IT disaster recovery, cloud computing and information security news

HP Wolf Security has released the findings of a global survey of 1,100 IT decision makers (ITDMs), examining their concerns around rising Nation State cyber attacks. 72 percent of respondents said they worry that Nation State tools and techniques tactics, techniques, and procedures (TTPs) could filter through to the dark net and be used to attack their business. According to HP, such concerns are well-founded. In recent months, evidence has emerged that techniques deployed in the SolarWinds supply chain attack have already been adopted by ransomware gangs – a trend likely to continue. 

“Tools developed by nation states have made their way onto the black market many times. An infamous example being the Eternal Blue exploit, which was used by the WannaCry hackers,” comments Ian Pratt, Global Head of Security, Personal Systems, HP Inc. “Now, the return on investment is strong enough to enable cybercriminal gangs to increase their level of sophistication so that they can start mimicking some of the techniques deployed by Nation States too. The recent software supply chain attack launched against Kaseya customers by a ransomware gang is a good example of this.”

“Now that a blueprint has been created for monetising such attacks, they are likely to become more widespread. Previously, an Independent Software Vendor (ISV) with a modest-sized customer base that didn't supply government or large enterprises may have been unlikely to become targeted as a stepping-stone in a supply chain attack. Now, ISVs of all types are very much in scope for attacks that will result in compromised software and services being used to attack their customers.”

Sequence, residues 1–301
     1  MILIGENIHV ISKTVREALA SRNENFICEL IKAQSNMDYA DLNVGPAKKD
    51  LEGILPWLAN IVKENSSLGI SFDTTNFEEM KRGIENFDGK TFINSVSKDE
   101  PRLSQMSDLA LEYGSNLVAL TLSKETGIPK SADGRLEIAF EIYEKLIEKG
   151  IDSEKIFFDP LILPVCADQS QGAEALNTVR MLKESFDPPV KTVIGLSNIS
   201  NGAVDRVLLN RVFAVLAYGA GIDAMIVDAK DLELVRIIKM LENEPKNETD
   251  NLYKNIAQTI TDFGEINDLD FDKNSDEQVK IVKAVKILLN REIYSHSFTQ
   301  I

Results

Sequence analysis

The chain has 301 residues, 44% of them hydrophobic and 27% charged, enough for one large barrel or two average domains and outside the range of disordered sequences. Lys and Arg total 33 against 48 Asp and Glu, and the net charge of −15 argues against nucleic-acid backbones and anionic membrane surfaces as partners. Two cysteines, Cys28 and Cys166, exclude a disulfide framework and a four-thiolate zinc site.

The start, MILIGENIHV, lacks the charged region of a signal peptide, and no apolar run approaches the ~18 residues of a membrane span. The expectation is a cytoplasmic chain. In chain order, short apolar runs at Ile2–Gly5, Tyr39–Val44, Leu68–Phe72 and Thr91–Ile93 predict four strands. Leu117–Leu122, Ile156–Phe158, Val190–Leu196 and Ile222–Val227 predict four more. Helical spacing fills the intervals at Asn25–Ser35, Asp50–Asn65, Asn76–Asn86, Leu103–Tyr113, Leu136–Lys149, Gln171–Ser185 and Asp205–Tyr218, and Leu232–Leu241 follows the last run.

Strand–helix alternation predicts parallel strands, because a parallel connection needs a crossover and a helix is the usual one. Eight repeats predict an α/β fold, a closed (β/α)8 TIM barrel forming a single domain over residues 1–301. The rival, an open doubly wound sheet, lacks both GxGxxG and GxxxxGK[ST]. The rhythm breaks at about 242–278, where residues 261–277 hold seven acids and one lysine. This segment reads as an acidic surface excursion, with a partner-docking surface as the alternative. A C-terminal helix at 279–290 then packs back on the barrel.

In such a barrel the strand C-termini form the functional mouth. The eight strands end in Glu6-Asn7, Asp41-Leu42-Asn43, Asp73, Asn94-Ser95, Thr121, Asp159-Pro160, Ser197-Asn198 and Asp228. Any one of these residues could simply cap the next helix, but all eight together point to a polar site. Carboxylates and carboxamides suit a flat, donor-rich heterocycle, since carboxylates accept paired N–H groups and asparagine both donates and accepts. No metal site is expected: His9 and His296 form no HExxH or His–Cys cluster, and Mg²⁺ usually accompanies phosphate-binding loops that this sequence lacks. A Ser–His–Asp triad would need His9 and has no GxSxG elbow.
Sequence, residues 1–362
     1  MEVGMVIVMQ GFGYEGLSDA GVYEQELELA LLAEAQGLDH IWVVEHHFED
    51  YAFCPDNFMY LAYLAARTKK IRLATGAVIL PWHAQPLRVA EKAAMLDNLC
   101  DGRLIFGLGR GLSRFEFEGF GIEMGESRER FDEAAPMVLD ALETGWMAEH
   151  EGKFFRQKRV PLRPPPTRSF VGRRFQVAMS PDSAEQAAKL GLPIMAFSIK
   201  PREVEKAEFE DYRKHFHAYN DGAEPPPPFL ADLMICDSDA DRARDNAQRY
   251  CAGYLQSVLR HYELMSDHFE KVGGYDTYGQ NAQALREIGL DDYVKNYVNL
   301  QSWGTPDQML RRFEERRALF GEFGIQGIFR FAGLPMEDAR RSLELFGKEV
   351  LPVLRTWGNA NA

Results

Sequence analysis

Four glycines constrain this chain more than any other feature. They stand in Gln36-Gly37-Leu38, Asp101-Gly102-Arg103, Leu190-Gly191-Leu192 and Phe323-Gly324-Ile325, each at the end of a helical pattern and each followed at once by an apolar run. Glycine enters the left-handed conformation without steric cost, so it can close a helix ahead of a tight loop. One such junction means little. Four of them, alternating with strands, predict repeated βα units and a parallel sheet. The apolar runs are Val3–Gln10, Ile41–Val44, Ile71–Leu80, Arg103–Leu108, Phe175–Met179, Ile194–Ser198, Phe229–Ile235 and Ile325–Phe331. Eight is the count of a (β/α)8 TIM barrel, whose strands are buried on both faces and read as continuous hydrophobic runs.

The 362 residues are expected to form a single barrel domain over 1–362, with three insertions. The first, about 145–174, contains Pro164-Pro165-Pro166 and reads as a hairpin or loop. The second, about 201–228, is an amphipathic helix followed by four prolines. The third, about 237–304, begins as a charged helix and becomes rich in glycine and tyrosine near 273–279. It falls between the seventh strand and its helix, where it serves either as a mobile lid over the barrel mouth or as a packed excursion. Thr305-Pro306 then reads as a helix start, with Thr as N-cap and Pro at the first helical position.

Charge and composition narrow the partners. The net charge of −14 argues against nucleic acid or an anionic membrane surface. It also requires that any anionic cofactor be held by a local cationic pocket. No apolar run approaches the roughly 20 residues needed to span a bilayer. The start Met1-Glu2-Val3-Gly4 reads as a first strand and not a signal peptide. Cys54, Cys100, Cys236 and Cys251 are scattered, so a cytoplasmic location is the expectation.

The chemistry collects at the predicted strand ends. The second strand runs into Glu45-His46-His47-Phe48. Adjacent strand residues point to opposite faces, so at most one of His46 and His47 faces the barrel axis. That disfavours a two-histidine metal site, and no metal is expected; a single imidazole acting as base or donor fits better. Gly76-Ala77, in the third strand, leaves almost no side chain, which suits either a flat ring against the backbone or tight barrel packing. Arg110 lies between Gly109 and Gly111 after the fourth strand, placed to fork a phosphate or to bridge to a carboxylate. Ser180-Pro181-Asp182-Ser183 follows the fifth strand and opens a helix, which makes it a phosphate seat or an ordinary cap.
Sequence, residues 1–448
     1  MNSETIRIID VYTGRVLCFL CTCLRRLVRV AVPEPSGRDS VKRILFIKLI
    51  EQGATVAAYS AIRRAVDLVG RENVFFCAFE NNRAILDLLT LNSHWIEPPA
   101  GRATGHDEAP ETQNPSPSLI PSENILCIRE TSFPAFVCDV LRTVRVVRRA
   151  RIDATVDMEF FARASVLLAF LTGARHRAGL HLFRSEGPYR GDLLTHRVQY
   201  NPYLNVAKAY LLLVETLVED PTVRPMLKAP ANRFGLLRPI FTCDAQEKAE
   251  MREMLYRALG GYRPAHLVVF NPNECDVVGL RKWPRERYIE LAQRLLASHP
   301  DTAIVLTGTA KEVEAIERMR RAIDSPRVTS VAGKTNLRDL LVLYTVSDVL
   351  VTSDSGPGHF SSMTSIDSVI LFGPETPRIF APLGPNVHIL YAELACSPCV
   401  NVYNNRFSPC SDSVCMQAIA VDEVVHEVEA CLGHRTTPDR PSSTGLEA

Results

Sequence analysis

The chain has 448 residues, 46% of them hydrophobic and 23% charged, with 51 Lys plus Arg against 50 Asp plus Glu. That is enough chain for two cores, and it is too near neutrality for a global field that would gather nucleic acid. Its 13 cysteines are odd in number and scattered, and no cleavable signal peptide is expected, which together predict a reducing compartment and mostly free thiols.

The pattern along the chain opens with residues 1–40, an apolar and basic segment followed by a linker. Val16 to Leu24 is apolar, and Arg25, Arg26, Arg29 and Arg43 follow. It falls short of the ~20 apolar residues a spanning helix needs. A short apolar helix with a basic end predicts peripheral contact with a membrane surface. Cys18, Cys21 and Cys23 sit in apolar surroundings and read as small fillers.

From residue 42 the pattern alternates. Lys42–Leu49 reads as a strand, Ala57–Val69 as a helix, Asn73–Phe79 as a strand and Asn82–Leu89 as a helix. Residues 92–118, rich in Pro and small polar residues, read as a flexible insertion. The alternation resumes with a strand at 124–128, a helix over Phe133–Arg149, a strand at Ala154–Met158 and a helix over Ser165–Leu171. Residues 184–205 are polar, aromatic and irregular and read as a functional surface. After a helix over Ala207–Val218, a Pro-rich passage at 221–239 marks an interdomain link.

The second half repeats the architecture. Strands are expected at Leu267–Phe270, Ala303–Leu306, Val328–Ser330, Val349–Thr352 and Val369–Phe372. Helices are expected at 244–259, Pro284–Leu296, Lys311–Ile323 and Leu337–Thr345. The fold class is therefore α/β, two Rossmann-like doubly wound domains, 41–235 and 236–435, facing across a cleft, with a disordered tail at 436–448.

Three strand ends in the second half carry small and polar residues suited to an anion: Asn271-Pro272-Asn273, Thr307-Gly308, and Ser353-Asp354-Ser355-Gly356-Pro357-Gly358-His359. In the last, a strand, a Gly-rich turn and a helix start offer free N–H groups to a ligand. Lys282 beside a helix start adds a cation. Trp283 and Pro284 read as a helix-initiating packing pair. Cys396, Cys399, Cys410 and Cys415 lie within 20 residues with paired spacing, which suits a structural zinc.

Beyond the risk from cybercriminals, the survey found more than half (58 percent) of ITDMs are worried their business could become a direct target of a nation state attack. A further 70 percent believed they could end up being ‘collateral damage’ in a cyber war. When discussing specific concerns relating to a nation state cyber attack, sabotage of IT systems or data was the main worry, shared by almost half of respondents (49 percent).

Other concerns included:

  • Disruption to business operations (43 percent)
  • Theft of customer data (43 percent)
  • Impact on revenues (42 percent)
  • Theft of sensitive company documents (42 percent).

About the research

The study is based on a Toluna survey of 1,100 IT decision makers in the UK, the US, Canada, Mexico, Germany, Australia, and Japan. Fieldwork was undertaken between 19th March - 6th April 2021. The survey was carried out online.

More details.

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